The emergence of a tradition of autobiographical writing by Black South African women accentuates the contributions of an alternative, matrilineal line of heroes and women writers to an alternative history of the country. In shaping their own identities and in countering the prescriptions of the authorities with alternative scripts, these women engage in a gesture of defiance. One aspect of this defiance in texts which thematise the imperative for nation-building within the context of political oppression is the emphasis they place on the continuity between the self and her community.
Die ontwikkeling van 'n tradisie van outobiografiese tekste deur Swart Suid-Afrikaanse vroue beklemtoon die bydrae van 'n alternatiewe matriliniere lyn van heldinne en vroueskrywers tot'n alternatiewe geskiedenis van die land. Deur hulle vormgewing aan hulle identiteite en daardeur dat hulle die voorskrifte van gesagsinstellings met alternatiewe tekste teestaan, voer vroue 'n handeling van verset uit. Een aspek van hierdie verset in tekste wat die noodwendigheid van nasiebou in die konteks van politieke onderdrukking tematiseer, is die klem wat hulle op die kontinufteit van die self en die gemeenskap plaas.
This colloquium (1) provides us with another platform from which we can add more colour and character to an often neglected piece of the literary portrait of one of the youngest democracies in the world. Whichever way we view this portrait before us, we cannot help but envisage the emergence of a very rich and colourful picture. What joy and pride it will be for us all one day, to realise that we also seized a moment, and, so lovingly, and ever so dedicatedly, stretched our hands, dipped our brushes into the gourd of the rainbow paint, and added a line or two on this celebrated picture of the South African literary historiography. (2) The colloquium is therefore more than a literary affair. It is a celebration of ideas and voices which forces of darkness had connived to keep hushed forever. Let us thus not tire to reminisce on these his-tories and her-stories in this and other forums. As we grapple with the continuous challenges of defining our self-identity and becoming speech, let us not forget to return to the lessons our literary ancestors taught us about telling our stories in ways that more than affirm us.
The corpus of black South African women's writings of the sixties to the nineties is a recollection of different facets of a displaced people. These were people striving to have their stories told within a political milieu which legislated against, not only their survival, but their very being. Most of the women who contributed to this body of literature, wrote without the benefit of being formally schooled in any aspects of the novel as postulated by E.M. Forster. (3) Neither did they bring to the existing body of literature any learned appreciation of what a good poem is, or what it should look or sound like. They also lacked instruction on the structural rigours of a tight cohesion of ideas in writing their short stories. To add to that, nobody had told them about Aristotle's (1994) prescription for plays or drama, namely, that a play has to observe the three unities of time, place and action. That most of the women writers making up the corpus of black South African women writers wrote without any of these benefits attests to their determination to rise above the ashes of their circumstances. These women simply wrote out of a passion and sensitivity to communicate what was before them, behind them, and in some cases, what was still to pass.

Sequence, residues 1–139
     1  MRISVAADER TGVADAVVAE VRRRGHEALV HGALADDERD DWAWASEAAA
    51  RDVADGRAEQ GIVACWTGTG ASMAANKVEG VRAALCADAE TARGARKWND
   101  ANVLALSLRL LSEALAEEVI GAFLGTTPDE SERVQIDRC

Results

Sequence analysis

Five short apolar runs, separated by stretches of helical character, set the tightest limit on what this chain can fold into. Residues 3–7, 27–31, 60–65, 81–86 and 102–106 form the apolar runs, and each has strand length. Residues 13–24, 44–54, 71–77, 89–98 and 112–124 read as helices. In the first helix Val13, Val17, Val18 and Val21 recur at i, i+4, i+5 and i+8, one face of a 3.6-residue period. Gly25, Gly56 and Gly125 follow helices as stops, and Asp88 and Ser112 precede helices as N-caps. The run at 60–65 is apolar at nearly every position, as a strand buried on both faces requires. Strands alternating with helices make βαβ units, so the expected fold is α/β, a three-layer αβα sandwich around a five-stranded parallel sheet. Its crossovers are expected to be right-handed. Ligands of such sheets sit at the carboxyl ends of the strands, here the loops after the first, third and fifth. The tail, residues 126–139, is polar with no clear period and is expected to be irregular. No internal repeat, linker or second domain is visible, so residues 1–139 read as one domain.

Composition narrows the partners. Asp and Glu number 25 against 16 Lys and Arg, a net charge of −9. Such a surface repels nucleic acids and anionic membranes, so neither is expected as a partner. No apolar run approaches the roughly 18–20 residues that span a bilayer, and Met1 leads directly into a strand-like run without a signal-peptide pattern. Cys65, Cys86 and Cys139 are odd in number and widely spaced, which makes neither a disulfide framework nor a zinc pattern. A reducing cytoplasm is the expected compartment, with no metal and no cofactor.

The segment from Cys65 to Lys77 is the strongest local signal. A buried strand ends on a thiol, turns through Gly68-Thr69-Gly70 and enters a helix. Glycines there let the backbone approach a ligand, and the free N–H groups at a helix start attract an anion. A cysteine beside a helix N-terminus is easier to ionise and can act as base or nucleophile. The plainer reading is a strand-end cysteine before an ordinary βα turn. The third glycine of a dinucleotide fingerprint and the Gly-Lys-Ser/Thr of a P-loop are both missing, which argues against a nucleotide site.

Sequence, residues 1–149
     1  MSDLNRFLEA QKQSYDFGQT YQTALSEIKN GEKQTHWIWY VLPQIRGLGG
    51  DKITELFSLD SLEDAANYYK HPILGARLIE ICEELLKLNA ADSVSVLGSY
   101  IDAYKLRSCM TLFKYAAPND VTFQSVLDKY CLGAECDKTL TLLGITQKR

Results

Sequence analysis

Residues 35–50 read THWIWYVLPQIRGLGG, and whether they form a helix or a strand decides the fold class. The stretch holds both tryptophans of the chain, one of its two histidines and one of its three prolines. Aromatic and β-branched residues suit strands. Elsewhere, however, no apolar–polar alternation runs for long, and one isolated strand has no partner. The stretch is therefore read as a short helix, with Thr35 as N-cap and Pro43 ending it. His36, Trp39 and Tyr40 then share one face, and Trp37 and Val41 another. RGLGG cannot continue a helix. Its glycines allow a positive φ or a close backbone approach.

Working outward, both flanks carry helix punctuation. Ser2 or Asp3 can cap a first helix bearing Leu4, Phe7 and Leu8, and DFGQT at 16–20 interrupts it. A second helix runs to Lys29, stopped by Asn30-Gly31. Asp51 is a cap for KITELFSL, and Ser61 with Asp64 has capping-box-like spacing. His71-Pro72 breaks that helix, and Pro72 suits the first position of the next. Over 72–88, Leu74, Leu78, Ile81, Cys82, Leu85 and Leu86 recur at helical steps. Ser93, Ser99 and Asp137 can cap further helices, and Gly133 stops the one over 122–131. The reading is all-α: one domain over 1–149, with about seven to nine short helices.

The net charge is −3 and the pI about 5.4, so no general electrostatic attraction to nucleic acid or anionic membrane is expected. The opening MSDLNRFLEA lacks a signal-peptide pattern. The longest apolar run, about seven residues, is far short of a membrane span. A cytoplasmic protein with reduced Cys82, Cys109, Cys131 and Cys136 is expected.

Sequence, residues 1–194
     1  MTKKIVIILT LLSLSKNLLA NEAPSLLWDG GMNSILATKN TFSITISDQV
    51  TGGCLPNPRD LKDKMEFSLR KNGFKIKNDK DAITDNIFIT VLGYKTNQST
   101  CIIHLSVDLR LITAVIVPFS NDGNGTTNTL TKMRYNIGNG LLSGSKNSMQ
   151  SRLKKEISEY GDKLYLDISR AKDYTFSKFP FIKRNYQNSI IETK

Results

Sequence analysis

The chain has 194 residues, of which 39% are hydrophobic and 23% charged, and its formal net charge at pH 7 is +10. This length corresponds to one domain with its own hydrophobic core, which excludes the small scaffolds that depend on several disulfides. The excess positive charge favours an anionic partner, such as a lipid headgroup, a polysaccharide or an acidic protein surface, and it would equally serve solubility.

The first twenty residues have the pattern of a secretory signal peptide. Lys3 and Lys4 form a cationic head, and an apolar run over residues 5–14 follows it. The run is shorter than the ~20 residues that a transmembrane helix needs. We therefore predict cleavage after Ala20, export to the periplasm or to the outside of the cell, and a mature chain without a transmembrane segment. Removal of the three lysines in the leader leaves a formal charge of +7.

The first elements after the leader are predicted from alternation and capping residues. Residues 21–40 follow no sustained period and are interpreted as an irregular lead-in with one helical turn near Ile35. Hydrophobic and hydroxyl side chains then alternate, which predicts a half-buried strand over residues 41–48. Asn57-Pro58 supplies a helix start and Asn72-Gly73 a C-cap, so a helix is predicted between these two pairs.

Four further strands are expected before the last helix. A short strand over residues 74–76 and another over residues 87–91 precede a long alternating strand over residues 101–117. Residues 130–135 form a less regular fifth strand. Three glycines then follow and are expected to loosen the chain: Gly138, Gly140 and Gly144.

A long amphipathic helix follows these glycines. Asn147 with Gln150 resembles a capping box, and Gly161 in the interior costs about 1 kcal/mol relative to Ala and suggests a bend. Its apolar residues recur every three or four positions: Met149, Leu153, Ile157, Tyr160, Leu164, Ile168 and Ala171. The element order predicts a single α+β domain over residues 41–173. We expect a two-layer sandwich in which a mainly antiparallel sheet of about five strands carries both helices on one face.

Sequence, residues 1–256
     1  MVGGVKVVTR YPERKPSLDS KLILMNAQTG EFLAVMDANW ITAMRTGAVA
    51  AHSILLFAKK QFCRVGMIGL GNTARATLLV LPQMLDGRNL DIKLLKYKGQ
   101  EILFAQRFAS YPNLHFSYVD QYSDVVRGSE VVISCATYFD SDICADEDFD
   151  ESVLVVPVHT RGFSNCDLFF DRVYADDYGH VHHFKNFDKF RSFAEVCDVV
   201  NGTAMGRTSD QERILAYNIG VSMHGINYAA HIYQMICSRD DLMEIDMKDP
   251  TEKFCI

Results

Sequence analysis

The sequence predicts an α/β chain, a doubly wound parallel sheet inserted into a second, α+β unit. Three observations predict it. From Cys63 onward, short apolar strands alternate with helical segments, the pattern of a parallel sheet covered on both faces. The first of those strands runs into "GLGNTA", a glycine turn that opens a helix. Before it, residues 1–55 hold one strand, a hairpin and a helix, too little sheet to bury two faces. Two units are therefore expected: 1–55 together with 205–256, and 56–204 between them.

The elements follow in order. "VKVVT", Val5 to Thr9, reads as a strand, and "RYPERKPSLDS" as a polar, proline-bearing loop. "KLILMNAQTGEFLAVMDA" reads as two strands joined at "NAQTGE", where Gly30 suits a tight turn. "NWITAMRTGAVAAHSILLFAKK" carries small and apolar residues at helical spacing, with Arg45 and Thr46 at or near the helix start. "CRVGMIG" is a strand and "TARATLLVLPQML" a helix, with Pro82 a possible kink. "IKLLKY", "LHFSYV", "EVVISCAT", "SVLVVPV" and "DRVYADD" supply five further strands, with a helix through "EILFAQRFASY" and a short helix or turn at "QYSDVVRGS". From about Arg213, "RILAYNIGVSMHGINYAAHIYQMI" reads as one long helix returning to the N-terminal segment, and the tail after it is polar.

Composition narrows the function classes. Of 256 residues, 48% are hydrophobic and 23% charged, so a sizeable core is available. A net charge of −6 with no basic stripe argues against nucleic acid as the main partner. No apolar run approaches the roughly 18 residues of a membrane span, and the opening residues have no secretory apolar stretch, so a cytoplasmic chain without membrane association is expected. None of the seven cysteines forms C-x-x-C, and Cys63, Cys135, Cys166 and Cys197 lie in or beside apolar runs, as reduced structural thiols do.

They brought to light lives interlaced with hardship, misery, and pain, all of which jockeyed for position with an insatiable hunger and zest for life. Whatever their lot was, they also celebrated life. Their narratives are a recording of song and dance, a touch of humour and at other times, downright jollity and frivolity, all the while bearing the cross of abuse, poverty, oppression, humiliation, detention, exile and finally, death. …